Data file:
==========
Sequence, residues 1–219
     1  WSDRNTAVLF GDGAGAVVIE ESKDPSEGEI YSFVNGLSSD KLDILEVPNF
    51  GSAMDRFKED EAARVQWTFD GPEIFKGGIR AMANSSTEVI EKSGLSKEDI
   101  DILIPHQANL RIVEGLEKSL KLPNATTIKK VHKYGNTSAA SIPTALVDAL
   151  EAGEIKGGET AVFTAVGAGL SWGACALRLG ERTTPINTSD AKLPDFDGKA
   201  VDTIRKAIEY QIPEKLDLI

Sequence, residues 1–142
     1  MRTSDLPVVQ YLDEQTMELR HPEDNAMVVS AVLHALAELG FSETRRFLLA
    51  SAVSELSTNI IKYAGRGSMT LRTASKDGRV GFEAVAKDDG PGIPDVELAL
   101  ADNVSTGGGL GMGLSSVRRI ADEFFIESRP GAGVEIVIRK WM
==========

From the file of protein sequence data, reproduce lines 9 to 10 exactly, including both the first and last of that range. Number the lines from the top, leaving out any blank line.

    51  SAVSELSTNI IKYAGRGSMT LRTASKDGRV GFEAVAKDDG PGIPDVELAL
   101  ADNVSTGGGL GMGLSSVRRI ADEFFIESRP GAGVEIVIRK WM